Most people in the Western world walk around with a powerful computer in their pocket or purse, otherwise known as a smartphone. It’s not unusual to see someone clutching a legal pad-size gadget on aeroplane flights, such as an iPad, to read books. It’s nearly impossible to walk into a coffee shop without finding someone pecking away at a trim notebook computer, checking email and surfing the web.
The lineage of all those devices, in one way or another, flows directly back to a press conference some 30 years ago. On 12 August 1981, IBM rented out a ballroom at the elegant Waldorf Astoria Hotel in New York and introduced its landmark 5150 personal computer.
That first 5150 — made up of a system unit, a keyboard and colour graphics capability – cost $1,565 USD. Consumers needed to shell out more money for options, such as a display, a printer, diskette drives and extra memory. The 5150 originally weighed 9.5 kg without the diskette drives, 12.7 kg with two of them. It contained 40 kilobytes of read-only memory and 16 kilobytes of user memory, before adding the diskette drives. Compare that to the new, sleek Samsung Series 9 notebook, which weighs 1.3 kg and comes with a 128 GB hard drive and 4 GB of system memory.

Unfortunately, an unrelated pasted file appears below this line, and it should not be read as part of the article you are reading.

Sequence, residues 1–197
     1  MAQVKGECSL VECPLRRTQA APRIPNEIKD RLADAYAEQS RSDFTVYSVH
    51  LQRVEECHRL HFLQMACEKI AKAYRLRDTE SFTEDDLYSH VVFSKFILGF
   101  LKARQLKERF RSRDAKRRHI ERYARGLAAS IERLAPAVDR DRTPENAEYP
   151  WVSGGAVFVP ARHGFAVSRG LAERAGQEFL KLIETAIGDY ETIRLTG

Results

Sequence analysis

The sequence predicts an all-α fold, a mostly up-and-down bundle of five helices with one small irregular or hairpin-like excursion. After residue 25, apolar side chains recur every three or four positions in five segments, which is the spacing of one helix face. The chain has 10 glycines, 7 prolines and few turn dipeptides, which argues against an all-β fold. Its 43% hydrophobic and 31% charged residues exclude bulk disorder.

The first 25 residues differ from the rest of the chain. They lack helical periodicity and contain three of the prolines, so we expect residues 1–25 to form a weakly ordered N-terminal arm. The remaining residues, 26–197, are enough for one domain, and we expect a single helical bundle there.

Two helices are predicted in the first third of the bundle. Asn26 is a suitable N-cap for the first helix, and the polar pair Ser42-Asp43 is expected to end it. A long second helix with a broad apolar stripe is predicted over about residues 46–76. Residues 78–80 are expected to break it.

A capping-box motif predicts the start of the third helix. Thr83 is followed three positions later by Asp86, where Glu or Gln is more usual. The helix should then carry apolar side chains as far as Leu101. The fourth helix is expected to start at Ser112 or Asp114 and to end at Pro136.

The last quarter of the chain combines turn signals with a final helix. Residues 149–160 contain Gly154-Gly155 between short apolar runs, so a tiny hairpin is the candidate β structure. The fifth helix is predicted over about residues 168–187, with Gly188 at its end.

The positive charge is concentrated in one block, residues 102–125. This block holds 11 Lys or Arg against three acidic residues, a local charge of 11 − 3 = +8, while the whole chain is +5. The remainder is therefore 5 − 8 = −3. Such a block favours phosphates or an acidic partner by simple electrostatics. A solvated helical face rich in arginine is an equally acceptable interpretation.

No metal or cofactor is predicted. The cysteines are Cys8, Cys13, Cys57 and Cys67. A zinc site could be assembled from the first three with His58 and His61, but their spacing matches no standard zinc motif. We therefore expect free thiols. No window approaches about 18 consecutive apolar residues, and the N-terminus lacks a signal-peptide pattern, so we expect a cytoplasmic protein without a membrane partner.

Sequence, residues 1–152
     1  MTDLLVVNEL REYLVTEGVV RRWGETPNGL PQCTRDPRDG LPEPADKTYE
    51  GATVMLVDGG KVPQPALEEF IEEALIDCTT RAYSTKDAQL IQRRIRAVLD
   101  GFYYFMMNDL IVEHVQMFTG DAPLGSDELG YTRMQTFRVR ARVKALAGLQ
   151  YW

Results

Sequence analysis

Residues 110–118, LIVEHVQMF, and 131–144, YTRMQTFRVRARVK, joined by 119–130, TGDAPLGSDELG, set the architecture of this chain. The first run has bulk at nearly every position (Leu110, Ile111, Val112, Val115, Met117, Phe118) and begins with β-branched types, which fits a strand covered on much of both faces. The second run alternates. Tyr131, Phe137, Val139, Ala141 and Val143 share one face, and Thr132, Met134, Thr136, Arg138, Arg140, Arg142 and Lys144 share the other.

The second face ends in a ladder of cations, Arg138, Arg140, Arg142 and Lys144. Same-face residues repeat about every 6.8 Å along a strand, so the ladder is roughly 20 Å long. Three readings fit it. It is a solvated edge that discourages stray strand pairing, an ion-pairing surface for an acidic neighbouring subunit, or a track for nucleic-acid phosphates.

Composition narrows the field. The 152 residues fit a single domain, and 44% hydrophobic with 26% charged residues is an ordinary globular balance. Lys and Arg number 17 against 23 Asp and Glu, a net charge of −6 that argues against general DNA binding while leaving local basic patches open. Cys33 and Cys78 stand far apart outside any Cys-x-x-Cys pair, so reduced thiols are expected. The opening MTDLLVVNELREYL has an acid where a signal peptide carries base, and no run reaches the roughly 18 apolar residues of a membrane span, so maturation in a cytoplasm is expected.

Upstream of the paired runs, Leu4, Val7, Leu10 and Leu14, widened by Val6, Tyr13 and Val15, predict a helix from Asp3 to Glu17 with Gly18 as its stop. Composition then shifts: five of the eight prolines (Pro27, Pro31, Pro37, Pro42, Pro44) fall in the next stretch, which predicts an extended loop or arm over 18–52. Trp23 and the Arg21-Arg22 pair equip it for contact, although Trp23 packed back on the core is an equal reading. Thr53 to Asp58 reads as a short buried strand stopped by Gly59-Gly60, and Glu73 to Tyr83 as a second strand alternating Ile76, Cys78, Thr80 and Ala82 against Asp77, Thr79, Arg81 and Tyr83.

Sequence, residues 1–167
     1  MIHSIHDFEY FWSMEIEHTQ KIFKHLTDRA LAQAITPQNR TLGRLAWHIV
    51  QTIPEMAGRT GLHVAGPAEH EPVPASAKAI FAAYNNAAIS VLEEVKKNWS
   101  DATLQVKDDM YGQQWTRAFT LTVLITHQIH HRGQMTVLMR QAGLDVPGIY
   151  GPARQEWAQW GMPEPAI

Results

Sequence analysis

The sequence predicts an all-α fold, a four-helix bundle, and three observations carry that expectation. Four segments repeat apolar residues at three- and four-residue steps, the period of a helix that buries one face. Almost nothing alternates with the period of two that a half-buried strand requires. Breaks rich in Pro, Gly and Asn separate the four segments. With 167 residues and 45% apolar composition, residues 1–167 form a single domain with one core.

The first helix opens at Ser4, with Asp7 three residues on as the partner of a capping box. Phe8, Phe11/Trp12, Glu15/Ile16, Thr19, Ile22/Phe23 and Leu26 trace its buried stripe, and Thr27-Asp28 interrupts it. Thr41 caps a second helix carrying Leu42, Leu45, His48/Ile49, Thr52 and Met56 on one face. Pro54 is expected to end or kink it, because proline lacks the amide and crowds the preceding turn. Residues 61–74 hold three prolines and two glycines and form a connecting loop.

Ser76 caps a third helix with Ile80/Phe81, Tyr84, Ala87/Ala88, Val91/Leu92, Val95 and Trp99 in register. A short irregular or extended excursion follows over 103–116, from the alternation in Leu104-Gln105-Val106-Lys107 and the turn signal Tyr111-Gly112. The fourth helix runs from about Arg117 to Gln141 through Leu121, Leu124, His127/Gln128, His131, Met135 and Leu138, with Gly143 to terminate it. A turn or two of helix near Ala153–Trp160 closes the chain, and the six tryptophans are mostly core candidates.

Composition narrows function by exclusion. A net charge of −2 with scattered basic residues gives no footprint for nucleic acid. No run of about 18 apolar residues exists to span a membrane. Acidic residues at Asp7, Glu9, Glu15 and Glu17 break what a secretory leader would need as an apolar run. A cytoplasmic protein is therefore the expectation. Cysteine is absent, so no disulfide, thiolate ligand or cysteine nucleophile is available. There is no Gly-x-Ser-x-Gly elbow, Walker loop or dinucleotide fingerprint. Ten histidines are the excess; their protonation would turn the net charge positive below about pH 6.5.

Looking at the beige box today, nothing seems particularly remarkable. The rectangular CPU, with two black bays for floppy disks, isn’t a marvel of design brilliance. There’s nothing striking about the lines, the graphics or the colour palette. The 5150 wasn’t even the first PC. Apple, Atari and Commodore produced so-called microcomputers that preceded it. And IBM’s creation was inferior in some ways to those rivals.
How far we’ve come…